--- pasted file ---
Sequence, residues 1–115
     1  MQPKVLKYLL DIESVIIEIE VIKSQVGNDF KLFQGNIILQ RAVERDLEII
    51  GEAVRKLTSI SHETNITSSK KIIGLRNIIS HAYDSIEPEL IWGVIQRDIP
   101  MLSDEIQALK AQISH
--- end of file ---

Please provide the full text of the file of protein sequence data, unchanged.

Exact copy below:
Sequence, residues 1–115
     1  MQPKVLKYLL DIESVIIEIE VIKSQVGNDF KLFQGNIILQ RAVERDLEII
    51  GEAVRKLTSI SHETNITSSK KIIGLRNIIS HAYDSIEPEL IWGVIQRDIP
   101  MLSDEIQALK AQISH